- 21 May 2013 New York Times article "After Decades, Boots Are Back on Campus". Note: Former Secretary of State and Chairman of the Joint Chiefs of Staff Colin Powell and others were present as New York's City College welcomed back ROTC. "But three professors stood outside the ceremony holding antiwar placards, protesting what they see as the remilitarization of their school. “Bringing back R.O.T.C. cheapens our curriculum,” said one of them, Bill Crain, a psychology professor. Mr. Powell, a former secretary of state, passed the protesters on his way into the hall. “Don’t agree,” he said, “but you’re entitled.”" For a discussion of the issue of whether the cultures of the university and the military are compatible on questioning authority see this issues page.
- 25 May 2013 Cornell Chronicle article "ROTC students receive commissions as officers". Note: Rear Adm. Christopher J. Paul of the U.S. Navy, deputy commander of Naval Surface Force Atlantic, said "In other walks of life, human failings may pass unnoticed. In our walk of life, their consequences are almost devastating. … What ensures our success is that our military superiority is matched only by the superiority of our ideals and our unconquerable love for them."
- 29 May 2013 Harvard ROTC Commissioning Ceremony.
- 29 May 2013 Harvard Magazine article "The Right Way to Honor Veterans". Note: At the ROTC Commissioning ceremony, Harvard President Drew Faust "quoted Admiral Michael Mullen, former Chairman of the Joint Chiefs of Staff, speaking at West Point, who said the military’s work was appreciated, but added that he feared that people “do not know us” and the burden service members endure."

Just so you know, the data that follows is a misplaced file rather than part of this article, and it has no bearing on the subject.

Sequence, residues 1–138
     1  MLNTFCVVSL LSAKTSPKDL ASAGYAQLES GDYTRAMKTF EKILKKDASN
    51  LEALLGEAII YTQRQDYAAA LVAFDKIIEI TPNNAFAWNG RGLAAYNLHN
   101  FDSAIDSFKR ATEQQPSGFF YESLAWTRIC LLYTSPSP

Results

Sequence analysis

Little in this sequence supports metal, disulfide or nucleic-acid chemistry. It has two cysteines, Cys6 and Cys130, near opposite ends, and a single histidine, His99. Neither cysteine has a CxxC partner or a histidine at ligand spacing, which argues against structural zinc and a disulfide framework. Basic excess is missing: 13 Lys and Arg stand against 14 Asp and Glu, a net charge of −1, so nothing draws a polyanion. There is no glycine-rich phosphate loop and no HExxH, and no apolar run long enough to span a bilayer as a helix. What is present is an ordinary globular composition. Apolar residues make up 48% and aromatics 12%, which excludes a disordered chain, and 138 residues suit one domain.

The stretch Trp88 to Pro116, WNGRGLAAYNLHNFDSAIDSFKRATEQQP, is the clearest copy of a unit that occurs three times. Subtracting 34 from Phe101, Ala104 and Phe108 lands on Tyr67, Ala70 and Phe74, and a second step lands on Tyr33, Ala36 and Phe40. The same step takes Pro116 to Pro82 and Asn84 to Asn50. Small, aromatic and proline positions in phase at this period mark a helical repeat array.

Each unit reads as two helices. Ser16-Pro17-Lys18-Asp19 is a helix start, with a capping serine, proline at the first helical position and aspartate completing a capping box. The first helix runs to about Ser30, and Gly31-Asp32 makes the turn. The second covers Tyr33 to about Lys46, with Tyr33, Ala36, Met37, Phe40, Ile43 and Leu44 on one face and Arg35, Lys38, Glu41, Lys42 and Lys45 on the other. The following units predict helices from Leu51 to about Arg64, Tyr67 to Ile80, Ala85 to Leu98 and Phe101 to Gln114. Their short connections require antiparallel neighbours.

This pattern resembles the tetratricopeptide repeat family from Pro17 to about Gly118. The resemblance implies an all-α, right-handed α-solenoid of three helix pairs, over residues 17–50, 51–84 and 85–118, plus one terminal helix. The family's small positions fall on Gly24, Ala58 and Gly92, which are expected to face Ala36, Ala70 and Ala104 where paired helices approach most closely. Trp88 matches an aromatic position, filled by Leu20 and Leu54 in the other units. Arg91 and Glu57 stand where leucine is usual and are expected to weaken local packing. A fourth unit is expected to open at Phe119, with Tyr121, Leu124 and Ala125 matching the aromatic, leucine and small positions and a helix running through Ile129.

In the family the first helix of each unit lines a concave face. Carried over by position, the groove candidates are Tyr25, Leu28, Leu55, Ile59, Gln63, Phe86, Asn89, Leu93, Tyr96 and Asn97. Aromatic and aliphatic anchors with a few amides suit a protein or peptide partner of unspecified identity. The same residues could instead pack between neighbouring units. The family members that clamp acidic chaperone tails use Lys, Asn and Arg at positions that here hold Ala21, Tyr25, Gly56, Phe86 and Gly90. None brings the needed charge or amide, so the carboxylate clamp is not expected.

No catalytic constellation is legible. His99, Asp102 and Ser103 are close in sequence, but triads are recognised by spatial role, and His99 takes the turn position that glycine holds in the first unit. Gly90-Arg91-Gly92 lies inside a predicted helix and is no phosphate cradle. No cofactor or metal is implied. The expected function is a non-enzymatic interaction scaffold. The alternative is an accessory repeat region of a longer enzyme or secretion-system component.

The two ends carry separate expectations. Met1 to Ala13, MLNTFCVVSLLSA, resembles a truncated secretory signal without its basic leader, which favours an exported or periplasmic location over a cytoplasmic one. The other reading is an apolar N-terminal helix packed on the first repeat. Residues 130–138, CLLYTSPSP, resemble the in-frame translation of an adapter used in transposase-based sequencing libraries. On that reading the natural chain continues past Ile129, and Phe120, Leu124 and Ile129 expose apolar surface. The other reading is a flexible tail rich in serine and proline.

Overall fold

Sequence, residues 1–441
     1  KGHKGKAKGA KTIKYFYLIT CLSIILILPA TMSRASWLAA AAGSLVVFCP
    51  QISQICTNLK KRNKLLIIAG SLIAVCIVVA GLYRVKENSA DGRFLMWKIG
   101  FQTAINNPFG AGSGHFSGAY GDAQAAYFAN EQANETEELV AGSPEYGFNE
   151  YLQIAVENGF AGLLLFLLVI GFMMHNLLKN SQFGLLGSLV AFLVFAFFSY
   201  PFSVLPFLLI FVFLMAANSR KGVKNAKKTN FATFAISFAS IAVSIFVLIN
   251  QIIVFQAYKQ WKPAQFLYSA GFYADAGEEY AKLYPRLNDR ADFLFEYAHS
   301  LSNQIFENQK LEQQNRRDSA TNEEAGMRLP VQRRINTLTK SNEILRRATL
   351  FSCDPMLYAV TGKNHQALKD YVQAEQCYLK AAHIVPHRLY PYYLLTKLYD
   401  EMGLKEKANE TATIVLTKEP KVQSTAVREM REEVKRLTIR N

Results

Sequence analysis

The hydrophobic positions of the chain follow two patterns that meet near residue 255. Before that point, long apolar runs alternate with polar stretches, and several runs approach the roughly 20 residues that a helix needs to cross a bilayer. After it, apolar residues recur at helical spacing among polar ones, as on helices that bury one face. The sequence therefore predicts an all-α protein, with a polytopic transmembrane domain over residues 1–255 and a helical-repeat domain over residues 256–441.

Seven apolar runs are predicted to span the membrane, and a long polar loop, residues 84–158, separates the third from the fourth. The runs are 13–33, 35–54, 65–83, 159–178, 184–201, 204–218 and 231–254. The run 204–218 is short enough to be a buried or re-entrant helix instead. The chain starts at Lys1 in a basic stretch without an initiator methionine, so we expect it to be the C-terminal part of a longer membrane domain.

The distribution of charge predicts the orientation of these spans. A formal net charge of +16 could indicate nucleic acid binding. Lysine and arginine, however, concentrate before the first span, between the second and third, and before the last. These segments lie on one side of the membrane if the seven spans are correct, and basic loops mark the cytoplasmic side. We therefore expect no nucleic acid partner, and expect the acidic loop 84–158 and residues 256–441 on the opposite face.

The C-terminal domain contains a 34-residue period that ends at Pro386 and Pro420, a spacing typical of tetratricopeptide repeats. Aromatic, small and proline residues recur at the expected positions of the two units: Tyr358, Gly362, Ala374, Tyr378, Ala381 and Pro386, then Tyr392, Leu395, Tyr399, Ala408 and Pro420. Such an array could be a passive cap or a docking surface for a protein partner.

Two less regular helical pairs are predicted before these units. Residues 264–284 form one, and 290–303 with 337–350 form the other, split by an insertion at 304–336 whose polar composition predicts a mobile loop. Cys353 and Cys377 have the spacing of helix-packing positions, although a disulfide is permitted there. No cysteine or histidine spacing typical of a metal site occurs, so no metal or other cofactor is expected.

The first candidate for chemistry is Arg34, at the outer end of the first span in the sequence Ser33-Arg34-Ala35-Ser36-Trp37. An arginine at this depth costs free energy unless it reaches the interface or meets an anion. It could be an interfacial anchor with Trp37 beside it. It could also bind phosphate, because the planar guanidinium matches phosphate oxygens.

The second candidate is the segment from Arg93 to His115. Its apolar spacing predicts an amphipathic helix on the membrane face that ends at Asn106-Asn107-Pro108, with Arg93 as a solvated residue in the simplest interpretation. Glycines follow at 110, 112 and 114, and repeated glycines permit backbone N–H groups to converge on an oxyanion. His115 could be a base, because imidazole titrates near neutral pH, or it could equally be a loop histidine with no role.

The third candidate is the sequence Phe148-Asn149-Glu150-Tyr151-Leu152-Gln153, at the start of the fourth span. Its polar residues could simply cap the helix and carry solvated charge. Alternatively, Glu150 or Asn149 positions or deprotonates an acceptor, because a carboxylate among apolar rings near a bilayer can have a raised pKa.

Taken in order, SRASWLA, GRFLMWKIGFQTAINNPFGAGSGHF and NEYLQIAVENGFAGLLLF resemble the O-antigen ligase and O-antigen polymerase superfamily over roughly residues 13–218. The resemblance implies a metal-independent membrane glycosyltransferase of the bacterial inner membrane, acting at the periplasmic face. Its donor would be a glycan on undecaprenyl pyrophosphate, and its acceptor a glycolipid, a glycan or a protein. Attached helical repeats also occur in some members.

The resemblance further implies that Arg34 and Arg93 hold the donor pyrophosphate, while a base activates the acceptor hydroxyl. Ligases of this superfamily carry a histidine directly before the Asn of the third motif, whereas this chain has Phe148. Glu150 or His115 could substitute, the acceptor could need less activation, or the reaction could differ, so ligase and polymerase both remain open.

- 29 May 2013 "Remarks at 2013 ROTC Commissioning Ceremony" by Harvard President Drew Faust. Note: Faust said "We are in danger of becoming what Admiral Mullen calls “a people uninformed.” That was a significant part of why I was committed to welcoming ROTC back to Harvard. As citizens, we have an obligation to understand our military and to ensure that it and its members do not stand apart from our national life. We must take responsibility for our interdependence."
- 29 May 2013 Address by LTC David R. Downer '63 at Harvard ROTC Commissioning.
- 30 May 2013 Harvard Crimson article "ROTC Commissioning Ceremony 2013". Note: A photo gallery from the ceremony.
- 23 July 2013 Milwaukee Journal Sentinel op-ed "Marquette and ROTC: University should keep officer training on campus" by Kevin Miller. Note: A theologist with a PhD from Marquette argues that ROTC and a Jesuit university are compatible because Catholicism regards military service "can be permissible, even necessary" and that pacifism was "a minority view in early Christianity". He concludes "Marquette is right to offer an opportunity for officer training along with education in the Catholic moral tradition and conversation about its application to contemporary issues of war and peace".
- 23 July 2013 Milwaukee Journal Sentinel op-ed "Marquette and ROTC: Alliance with military training is contradictory" by Daniel C. Maguire. Note: A theology professor at Marquette argues that ROTC and a Jesuit university are incompatible because "the Catholic just war theory" demands the right to "selective conscientious objection to particular wars" while US law recognizes only a generalized conscientious objection to all wars.